COLUMBUS — His name will be called early in the NFL draft in April. The money will be good.
So, why is senior linebacker Bobby Carpenter talking about coming back from a broken fibula he suffered in Ohio State’s 25-21 win over Michigan on Nov. 19?
Why isn’t he just sitting back and waiting for the NFL instead of wishing, hoping and trying to rehab his way onto the field when OSU plays Notre Dame in the Fiesta Bowl on Jan. 2?
“That’s Bobby Carpenter. You never know what he’s going to do,” cornerback Ashton Youboty said, with a smile.
The 6-foo-3, 255-pound Carpenter split time between linebacker and defensive end this season. He ran the 40-yard dash in 4.52 seconds for NFL scouts last spring and was Ohio State’s leading pass rusher with eight quarterback sacks.
There is no need to pad his resume with one final game. He just wants to play one more game.
Team doctors won’t give a final verdict on his status for the Fiesta Bowl until this week. Reportedly, the most optimistic medical estimate is that he has a 50 percent chance of playing.
“There is a chance, probably a pretty decent chance they’re going to tell me I can’t go,” Carpenter said. “If that happens, I’ll provide as much support as I can, like against Michigan. I’ll be the biggest fan, the biggest coach, the biggest supporter I can.”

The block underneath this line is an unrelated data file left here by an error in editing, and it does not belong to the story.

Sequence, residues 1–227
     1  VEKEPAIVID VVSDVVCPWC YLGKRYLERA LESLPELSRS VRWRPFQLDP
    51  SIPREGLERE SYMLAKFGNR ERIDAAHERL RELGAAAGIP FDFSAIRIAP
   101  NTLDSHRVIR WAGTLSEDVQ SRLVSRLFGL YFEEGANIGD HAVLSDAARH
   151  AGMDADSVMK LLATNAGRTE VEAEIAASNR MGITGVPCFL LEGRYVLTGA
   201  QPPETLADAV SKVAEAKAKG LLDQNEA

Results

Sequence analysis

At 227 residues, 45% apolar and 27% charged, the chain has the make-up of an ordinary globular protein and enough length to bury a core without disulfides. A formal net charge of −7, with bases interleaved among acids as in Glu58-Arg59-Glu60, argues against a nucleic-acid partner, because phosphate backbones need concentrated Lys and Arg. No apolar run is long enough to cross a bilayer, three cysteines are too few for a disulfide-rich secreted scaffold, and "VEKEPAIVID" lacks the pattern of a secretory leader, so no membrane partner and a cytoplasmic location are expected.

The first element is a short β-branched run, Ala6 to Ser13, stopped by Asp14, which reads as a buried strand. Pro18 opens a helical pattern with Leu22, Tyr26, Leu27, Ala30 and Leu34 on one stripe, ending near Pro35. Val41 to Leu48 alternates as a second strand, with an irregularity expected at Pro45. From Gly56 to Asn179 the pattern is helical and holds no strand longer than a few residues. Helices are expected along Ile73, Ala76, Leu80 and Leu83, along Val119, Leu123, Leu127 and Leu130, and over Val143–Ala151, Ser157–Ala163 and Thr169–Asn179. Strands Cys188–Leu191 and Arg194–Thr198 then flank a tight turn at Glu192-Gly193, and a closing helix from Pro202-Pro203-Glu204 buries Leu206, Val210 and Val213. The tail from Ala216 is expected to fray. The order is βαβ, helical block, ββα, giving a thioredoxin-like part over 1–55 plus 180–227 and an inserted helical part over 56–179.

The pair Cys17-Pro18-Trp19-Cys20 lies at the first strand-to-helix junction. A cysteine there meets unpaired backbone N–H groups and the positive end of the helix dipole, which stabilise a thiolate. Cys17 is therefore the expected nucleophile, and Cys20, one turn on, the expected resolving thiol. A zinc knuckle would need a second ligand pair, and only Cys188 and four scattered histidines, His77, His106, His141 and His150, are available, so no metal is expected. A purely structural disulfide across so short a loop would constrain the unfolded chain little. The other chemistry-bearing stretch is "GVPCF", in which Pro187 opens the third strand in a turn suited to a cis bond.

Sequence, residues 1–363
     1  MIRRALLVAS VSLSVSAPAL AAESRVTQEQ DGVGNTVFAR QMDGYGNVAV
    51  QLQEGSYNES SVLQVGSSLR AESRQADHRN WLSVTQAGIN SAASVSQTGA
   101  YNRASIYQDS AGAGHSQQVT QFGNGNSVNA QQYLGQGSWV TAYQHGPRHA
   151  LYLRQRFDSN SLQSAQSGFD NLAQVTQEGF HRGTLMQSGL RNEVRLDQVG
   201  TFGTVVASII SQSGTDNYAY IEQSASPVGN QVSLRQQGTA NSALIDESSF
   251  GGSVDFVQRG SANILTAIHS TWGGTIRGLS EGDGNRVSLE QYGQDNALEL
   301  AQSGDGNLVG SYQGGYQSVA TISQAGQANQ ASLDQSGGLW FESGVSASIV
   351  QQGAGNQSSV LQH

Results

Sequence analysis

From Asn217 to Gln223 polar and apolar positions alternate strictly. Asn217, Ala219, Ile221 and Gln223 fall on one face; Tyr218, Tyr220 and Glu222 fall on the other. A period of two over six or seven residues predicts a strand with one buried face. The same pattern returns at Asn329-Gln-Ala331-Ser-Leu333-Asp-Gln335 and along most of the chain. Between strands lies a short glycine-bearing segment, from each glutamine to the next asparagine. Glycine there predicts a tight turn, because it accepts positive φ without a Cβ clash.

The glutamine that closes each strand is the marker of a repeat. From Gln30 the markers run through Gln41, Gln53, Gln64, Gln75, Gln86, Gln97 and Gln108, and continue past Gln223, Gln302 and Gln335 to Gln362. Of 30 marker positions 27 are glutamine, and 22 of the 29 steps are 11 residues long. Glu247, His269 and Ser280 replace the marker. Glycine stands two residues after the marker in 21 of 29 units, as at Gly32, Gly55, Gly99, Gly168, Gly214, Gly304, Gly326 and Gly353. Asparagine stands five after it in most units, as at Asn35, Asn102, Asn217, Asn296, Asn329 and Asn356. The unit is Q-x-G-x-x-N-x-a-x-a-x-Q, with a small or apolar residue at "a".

Carpenter’s teammates are impressed with his determination to play. Quarterback Troy Smith called him “emotionally the backbone of the team.”
Wide receiver Anthony Gonzalez said, “It’s clearly an unselfish act on his part. He’s got a financial interest in not playing in this game. He wants to play for Ohio State one more time. That’s pretty impressive if you think about how much money is on the table for the kid.”
Carpenter said his parents are trying to look after his future best interests. “They don’t want me to do anything to jeopardize my body and my ability to play further on. But in the same sense they would never tell me not to play. They know I’m a grown man and have to make my own decision.
“As far as my teammates, they want me to play but every one of them has told me, ‘Don’t go out there and do something foolish,’ ” he said.
Maybe some of Carpenter’s determination, as well as the cautionary warnings, come from his dad, Rob, a former NFL running back.
“You hear a lot of stories about your dad. And what I always hear is, ‘Your dad was one of the toughest players around.’ There is a clip of him when he was playing for Houston and they were trying to run out the clock. Dad never wanted to lie on the field and it shows him trying to crawl off the field with one leg and two arms just to get off so they wouldn’t have to call a timeout,” Carpenter said.
Ohio State coach Jim Tressel said it will be a late decision if Carpenter plays. “Bobby is really up in the air,” he said.